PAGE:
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Home > Sci-Fi > Max Headroom M-m-mondays #5: War

Max Headroom M-m-mondays #5: War

October 4th, 2010

Continuing my weekly look back at 1987’s Max Headroom series.


Written by Martin Pasko, Rebecca Parr, Michael Cassutt and Steve Roberts

“Since when has news been entertainment?”  –Edison

“Since it was invented?”  –Murray

The Story: State-sponsored terrorism has given way to commercially-sponsored terrorism. A Network 23 reporter is injured and subsequently captured during her investigation of the “White Brigade” and its connection with a television packager.

Network head Ben Cheviot has a difficult decision to make. Explosions equal ratings during a crucial global “sweeps,” but what’s the real cost of purchasing exclusive rights to the White Brigade?

Behind the Screens: In another example of the television-dominated future, the Stock Market has been replaced by an “Ad Market” where commercial availabilities are traded in real-time.

Actor Robert O’Reilly, who played the bug-eyed Klingon ruler Gowron for the Star Trek franchise, here is Hauser, the bug-eyed leader of the White Brigade.

We never find out exactly what it is Hauser wants. While he largely seems content to blow up empty buildings for the sake of ad dollars, he professes to have another agenda. His attack on the Ad Market suggests that he’s protesting the very same mediacracy that’s providing him with funding. (Hmmmmm…)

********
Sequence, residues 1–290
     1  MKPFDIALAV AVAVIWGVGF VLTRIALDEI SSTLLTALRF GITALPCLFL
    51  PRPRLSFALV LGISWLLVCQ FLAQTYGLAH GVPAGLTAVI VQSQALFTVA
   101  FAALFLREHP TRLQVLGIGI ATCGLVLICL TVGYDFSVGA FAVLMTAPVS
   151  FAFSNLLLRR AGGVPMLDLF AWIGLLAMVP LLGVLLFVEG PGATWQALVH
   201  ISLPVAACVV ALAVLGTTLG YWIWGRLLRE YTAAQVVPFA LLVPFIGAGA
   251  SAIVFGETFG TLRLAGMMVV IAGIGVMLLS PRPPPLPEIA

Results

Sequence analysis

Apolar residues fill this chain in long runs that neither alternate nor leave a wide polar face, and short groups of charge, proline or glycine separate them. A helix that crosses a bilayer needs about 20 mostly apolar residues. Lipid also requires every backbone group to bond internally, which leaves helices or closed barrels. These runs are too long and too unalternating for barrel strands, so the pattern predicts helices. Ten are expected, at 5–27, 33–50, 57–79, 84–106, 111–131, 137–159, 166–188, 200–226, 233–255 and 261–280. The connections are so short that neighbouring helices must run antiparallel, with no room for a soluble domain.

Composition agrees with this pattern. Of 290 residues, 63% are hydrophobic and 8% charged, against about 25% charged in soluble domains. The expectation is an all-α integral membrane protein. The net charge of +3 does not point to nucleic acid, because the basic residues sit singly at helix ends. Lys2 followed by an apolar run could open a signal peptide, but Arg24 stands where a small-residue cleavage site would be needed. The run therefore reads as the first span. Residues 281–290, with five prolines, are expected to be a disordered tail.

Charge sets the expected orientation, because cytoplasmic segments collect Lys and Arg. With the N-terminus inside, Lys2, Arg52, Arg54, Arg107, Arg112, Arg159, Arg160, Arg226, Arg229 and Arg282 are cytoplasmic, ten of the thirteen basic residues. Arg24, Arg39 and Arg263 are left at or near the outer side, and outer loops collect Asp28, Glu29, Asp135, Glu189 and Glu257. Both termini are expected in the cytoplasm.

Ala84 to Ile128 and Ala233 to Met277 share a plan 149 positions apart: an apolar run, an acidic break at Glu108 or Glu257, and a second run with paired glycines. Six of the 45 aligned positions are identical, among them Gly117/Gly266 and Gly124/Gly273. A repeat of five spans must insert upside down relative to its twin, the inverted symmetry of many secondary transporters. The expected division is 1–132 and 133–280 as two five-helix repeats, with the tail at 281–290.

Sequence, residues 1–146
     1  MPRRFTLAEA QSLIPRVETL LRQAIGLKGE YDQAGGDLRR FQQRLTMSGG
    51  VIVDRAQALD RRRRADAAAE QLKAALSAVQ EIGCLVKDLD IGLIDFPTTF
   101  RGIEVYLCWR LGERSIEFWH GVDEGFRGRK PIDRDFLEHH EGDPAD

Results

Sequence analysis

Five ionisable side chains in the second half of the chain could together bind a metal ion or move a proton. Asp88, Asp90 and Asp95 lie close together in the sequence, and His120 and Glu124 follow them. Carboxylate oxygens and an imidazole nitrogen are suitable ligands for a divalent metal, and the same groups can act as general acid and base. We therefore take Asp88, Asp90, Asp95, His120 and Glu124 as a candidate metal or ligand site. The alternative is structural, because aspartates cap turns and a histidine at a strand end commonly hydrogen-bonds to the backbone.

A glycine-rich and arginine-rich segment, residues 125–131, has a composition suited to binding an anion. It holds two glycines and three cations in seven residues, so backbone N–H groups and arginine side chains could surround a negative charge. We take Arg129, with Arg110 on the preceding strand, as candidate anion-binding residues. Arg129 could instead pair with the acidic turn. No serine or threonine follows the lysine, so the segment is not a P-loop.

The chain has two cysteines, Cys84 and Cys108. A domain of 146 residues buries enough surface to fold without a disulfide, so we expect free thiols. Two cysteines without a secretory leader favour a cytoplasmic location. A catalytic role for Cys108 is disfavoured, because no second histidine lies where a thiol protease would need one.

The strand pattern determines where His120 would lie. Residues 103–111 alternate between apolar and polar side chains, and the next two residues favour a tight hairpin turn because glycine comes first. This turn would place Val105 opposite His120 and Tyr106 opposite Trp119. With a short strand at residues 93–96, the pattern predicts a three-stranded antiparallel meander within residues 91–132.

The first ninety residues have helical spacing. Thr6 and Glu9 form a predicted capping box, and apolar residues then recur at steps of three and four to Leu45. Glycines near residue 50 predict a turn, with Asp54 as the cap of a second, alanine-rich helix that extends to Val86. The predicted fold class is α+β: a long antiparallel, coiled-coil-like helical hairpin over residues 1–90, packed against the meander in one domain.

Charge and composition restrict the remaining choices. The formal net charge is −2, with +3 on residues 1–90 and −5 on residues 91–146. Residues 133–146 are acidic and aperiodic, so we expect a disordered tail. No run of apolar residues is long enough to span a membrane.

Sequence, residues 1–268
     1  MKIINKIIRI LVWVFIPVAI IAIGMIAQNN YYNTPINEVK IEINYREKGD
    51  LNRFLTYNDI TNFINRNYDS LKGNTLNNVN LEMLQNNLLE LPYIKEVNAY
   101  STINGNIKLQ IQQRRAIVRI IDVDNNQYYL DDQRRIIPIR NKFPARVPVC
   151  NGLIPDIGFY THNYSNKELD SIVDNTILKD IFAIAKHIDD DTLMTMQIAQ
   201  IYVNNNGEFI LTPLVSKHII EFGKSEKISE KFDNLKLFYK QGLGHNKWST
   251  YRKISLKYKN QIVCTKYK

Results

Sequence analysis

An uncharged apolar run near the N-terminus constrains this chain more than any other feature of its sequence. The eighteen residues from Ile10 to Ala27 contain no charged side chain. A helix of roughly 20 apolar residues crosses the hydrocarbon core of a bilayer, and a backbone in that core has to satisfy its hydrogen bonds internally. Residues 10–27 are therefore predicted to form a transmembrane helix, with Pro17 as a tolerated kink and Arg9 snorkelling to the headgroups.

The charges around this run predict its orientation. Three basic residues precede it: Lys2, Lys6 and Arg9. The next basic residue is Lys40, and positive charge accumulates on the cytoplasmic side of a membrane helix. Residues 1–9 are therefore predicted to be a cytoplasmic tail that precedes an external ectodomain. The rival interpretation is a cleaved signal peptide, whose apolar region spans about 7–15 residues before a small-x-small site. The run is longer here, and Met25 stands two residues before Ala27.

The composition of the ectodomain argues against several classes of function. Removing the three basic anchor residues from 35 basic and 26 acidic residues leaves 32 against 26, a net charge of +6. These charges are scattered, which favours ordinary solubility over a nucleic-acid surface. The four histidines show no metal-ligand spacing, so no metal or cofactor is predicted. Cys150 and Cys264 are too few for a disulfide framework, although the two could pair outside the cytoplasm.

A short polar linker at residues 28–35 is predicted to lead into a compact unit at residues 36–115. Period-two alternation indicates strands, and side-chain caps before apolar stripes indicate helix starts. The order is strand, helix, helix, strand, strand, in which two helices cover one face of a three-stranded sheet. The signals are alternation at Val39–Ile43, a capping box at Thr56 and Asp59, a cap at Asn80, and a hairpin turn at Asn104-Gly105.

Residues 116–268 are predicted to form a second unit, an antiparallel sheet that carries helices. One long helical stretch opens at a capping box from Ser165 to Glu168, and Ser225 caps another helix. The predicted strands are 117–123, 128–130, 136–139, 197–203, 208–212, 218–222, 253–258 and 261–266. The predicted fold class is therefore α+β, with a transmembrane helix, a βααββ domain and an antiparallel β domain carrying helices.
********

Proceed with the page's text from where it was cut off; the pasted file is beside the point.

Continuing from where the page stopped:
Cheviot and Miss Formby are caught on the periphery of the Ad Market blast, and Formby sustains minor injuries. Despite this, Cheviot is not above contracting with the Brigade’s packager once Edison Carter’s investigation of the terrorists goes up a blind alley.

Max Headroom is barely in this one. Up ’til now, the writers have been good at finding ways to work him into the plot, but here he just offers occasional commentary.

The Ratings Report:

Theora’s Level of Concern

How Minutes Into the Future Is This Now?

The time has come to address a couple of significant ways in which Max Headroom the series got it both right and so very wrong.

The world of 20 Minutes into the Future is under the thumb of the media, but it’s specifically the medium of broadcast television. From my current vantage point in that industry, I can tell you that this is laughably unlikely.

The World Wide Web was only about four years away in the real world, yet there’s no suggestion here of people using computers for anything other than hacking and/or staring pensively at monitors. There are video screens everywhere, but they’re analog TV sets.

I also need to bring attention to the video cameras used by Edison and his peers. They’re bulky, shoulder-mounted affairs, not the tiny HD camcorders of today. Granted, they have built-in uplink capabilities–seemingly without any need for line-of-sight–so that might account for the extra load. But that does nothing to account for the bazooka-like “camera gun”–complete with videotape “clip”–that Network 23 reporter Janie Crane operates.

To my knowledge, no television networks are making back-door deals with Al Qaeda for exclusive news coverage. But media-savvy terrorists who profit from the system they want to bring down? That’s so 2001.

omnipresent media companies  +2 minutes
but they’re the wrong media companies  -5 minutes
bazooka video cameras  -2 minutes
terrorism ad-buys  +3 minutes

= 18 Minutes Into the Future

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